Jess Cooke, 21, was tased and taken into custody by U.S. Border Patrol agents in Waddington, New York, on Thursday.
Waddington sits on the U.S. side of the St. Lawrence River across from Canada.
Cooke, who is studying criminal justice at the State University of New York at Canton, filmed the encounter on her cell phone (video below).
Cooke, an American citizen, was pulled over and detained by the agents who claimed that she looked nervous, noted the Watertown Daily Times.
Cooke refused a search of her car trunk, and was told by the agents that a drug sniffing dog was being brought to the scene.
A male agent repeatedly told Cooke in the video that she was free to leave, but that her car had to remain for the search.
Seconds after telling Cooke she could leave, the male agent told her to sit in her car or walk down the road, but then told her to stand in a specific area.
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When Cooke refused to move, he approached her, a confrontation ensued, a taser was heard discharging and Cooke screamed in pain.
Cooke told NorthCountryNow.com in an email:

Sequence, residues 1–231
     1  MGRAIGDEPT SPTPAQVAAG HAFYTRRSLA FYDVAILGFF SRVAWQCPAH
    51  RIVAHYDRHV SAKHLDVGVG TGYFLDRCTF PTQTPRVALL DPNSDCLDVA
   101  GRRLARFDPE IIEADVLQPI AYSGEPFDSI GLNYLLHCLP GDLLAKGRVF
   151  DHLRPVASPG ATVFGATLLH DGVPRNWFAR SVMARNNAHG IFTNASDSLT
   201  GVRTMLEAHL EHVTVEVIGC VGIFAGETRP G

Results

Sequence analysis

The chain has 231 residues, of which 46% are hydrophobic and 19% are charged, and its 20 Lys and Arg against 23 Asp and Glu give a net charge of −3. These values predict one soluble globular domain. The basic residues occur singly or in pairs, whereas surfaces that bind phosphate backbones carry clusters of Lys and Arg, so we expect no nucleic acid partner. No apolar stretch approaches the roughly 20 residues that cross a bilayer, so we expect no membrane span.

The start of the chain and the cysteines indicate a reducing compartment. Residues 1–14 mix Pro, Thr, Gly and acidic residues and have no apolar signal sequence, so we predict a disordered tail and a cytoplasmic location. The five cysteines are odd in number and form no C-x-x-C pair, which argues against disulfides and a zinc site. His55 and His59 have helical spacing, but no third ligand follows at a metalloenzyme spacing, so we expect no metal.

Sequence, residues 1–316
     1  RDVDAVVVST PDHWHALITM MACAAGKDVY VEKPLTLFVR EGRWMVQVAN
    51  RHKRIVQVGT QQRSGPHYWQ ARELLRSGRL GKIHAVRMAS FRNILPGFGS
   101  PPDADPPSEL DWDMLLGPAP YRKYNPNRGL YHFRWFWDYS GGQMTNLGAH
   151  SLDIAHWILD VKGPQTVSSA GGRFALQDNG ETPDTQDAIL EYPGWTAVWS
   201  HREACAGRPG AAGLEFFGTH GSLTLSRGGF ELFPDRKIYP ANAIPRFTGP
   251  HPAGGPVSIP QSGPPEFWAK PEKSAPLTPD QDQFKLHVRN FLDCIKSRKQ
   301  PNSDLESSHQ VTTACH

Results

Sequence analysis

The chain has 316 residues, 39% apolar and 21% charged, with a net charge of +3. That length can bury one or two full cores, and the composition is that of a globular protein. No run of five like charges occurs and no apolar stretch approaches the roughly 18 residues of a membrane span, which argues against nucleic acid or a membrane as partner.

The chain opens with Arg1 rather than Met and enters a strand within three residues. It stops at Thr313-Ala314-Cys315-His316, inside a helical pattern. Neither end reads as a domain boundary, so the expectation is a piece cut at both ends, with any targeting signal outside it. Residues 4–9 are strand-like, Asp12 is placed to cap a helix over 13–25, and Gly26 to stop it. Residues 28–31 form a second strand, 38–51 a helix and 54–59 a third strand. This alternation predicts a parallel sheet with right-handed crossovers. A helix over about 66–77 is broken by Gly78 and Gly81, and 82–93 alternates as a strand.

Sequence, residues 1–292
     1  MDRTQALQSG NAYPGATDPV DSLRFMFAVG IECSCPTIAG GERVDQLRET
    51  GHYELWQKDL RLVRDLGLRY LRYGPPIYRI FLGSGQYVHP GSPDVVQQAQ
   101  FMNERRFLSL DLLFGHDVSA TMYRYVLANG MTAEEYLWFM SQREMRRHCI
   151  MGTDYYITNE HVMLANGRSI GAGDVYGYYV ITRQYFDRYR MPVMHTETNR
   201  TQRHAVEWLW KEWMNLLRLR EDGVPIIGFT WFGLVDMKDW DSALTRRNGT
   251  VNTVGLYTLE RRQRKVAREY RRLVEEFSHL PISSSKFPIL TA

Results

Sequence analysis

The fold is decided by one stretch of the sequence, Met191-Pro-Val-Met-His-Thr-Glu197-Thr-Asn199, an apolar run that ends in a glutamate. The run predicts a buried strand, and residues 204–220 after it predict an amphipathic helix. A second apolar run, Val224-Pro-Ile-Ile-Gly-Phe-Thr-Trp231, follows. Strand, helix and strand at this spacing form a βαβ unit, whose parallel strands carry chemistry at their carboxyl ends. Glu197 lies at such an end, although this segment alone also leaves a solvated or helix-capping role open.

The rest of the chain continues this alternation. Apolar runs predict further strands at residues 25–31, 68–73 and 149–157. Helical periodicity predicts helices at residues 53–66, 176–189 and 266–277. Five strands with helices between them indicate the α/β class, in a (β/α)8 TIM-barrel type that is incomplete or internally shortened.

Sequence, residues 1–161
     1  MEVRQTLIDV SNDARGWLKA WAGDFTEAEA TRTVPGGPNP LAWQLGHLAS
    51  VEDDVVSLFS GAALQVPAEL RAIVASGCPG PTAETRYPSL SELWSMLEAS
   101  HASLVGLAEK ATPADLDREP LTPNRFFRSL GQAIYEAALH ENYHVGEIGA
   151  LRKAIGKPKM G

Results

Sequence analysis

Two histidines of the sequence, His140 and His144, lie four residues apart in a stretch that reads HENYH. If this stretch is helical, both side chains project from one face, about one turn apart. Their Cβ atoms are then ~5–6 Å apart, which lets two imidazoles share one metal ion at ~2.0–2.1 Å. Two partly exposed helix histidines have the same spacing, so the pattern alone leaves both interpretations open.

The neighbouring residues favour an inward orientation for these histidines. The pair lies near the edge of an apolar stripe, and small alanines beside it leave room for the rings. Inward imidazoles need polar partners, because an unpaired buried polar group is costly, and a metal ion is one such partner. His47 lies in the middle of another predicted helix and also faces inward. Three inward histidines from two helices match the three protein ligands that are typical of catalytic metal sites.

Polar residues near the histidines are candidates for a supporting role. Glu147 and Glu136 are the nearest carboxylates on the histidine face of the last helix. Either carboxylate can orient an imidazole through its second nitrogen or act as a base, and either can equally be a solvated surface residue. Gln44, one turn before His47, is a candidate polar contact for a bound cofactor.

I was cuffed for over an hour after being out in the Border Patrol car and then brought to the U.S. Customs station in Ogdensburg. I sat there for a good 3-4 hours and got sent home due to they couldn't figure out what charges to put on me.
Cooke claims that she suffered scrapes and cuts.
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The agents didn't find anything in Cooke's car, but she is waiting to see if they charge her with any crimes related to the incident.
Cooke will graduate this weekend and was planning to join the Border Patrol, but no longer plans to do so.
The Border Patrol did not comment to NorthCountryNow.com about the incident.
According to the U.S. Supreme Court blog, the high court ruled 6-3 in April: "Absent reasonable suspicion, police extension of a traffic stop to conduct a dog sniff violates the Constitution’s shield against unreasonable seizures."